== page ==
Engines of Our Ingenuity


No. 251:
THE TIMBER SQUARE SET

by John H. Lienhard

Today, we learn about something called a square set. The University of Houston's College of Engineering presents this series about the machines that make our civilization run, and the people whose ingenuity created them.

I have here a copy of Agricola's 16th-century treatise on metallurgy, De Re Metallica. Book V tells us how to do underground mining, and it's pretty complete. When you dig for ore you have to shore up the tunnels so they won't cave in. Agricola describes the well-developed techniques of 1550 for setting support timbers in mines.

Three hundred years later, in 1859, silver was discovered in Virginia City, Nevada. Those veins were called the Comstock Lode. It was a remarkable find; but after a year of chasing huge veins into the hillside, the miners had opened caverns that could no longer be shored up by the techniques of 1550. The mines caved in with such regularity that miners were quitting.

Finally, the trustees of one mine heard about a very bright German mining engineer in California. His name was Philipp Deidesheimer, and he was only 28. Deidesheimer came to Virginia City, and after several weeks he was no closer to a solution than anyone else. The mines kept caving in around the pine columns used to shore up the brittle quartz substrate.

One night at a party, Deidesheimer's host -- a bee-keeper -- showed him his bee-hives. Deidesheimer suddenly saw those hives with a new set of eyes. Their cellular structure was remarkably strong and light. Why not? he thought. Why not! He rushed from the party to his office. Three days later he took a completely new sort of structure down into the mines.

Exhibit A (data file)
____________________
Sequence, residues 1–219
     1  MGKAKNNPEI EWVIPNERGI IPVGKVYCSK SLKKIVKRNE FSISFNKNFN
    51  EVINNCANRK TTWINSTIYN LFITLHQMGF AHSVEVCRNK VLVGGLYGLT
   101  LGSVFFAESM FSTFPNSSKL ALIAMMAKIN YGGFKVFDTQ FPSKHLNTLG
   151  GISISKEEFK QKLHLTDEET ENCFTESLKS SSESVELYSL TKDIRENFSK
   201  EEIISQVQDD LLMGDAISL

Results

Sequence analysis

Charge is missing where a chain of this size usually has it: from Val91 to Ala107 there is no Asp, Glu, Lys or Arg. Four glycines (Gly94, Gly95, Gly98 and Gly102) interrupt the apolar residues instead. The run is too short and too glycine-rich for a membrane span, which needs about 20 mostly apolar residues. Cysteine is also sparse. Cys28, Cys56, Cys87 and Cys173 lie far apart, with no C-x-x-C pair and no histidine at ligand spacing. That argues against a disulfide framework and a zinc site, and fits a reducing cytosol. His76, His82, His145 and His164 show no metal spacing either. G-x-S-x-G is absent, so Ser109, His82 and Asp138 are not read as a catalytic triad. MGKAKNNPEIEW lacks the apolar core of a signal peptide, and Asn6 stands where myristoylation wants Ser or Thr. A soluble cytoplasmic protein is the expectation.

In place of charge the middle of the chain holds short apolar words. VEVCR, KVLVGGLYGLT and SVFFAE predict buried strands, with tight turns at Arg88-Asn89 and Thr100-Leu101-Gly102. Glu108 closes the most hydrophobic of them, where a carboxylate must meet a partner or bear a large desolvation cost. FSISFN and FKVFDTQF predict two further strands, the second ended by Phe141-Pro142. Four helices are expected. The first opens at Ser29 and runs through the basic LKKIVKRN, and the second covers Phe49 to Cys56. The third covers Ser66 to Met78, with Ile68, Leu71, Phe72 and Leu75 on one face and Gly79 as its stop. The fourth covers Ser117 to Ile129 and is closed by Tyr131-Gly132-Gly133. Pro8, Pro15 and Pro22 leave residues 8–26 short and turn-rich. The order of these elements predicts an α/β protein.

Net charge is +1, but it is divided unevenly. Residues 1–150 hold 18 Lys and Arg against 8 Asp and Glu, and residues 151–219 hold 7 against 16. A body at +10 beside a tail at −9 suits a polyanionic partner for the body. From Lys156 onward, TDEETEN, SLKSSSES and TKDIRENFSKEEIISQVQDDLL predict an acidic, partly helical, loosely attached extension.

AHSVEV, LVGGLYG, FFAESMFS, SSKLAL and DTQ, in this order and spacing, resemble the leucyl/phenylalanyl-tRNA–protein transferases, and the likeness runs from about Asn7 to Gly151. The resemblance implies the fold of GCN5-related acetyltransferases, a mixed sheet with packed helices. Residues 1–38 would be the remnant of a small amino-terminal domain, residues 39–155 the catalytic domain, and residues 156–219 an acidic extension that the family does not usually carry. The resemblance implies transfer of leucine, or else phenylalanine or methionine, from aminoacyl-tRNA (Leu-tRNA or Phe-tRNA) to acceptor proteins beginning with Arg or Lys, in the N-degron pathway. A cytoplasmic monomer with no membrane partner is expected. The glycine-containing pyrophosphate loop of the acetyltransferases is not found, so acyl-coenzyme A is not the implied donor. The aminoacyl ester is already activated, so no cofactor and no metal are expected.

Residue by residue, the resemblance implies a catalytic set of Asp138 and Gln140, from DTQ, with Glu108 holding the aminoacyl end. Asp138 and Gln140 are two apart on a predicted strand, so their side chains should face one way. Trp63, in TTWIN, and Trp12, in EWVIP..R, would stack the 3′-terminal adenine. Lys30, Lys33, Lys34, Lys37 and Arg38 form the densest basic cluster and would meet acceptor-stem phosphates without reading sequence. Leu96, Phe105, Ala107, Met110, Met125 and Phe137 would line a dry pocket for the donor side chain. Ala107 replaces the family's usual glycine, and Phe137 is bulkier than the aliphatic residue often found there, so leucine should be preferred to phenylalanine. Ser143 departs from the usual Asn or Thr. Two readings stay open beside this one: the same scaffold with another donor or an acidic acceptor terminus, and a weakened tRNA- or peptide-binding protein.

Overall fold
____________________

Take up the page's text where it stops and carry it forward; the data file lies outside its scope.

Do you remember building with Lincoln Logs when you were a kid? Well, that's how he made the bracing. He used a timber frame of interlocking cubical elements, 4 to 6 feet on a side. The excavation itself could wander wherever it wanted to. Deidesheimer simply filled it up with a beehive that was cubical instead of hexagonal. He called it the square set.

Deidesheimer didn't think to patent the square set. If he had, it would have made him rich, because the square set was the first real leap forward in shoring up excavations since Agricola. Today, it's the only structure detailed in my Britannica article on mining.

Deidesheimer did become wealthy. He went off into various speculations and got rich several times. But he lost his shirt just as often, and in 1906 he died a pauper.

That brilliant insight in the summer of 1860 might've been a one-time flash in the pan, but I don't think so. When you know how to search your mind, ideas do come. It's too bad Deidesheimer didn't stay in engineering. That's where a person who can look at a beehive and change the world -- should be.

I'm John Lienhard, at the University of Houston, where we're interested in the way inventive minds work.

(Theme music)


Sagan, R., One Night of Brilliant Work. American Heritage of Invention and Technology, Summer 1987, p. 64.

Agricola, G., De Re Metallica (H.C. and L.H. Hoover, eds.). New York: Dover Publications Inc., 1950.

This episode has been greatly revised as Episode 1901.


Typical timber square set bracing as illustrated in a 19th century magazine

The Engines of Our Ingenuity is Copyright © 1988-1997 by John H. Lienhard.